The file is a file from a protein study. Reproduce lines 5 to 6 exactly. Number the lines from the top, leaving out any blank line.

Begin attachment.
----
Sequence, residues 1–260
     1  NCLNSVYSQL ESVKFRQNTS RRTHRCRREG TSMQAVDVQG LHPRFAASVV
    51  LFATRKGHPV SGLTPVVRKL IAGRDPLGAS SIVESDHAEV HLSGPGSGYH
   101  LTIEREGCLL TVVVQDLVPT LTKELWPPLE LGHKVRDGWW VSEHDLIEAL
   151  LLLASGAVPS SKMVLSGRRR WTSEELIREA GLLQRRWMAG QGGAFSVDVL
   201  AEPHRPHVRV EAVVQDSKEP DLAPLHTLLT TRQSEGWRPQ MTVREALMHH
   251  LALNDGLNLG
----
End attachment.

   151  LLLASGAVPS SKMVLSGRRR WTSEELIREA GLLQRRWMAG QGGAFSVDVL
   201  AEPHRPHVRV EAVVQDSKEP DLAPLHTLLT TRQSEGWRPQ MTVREALMHH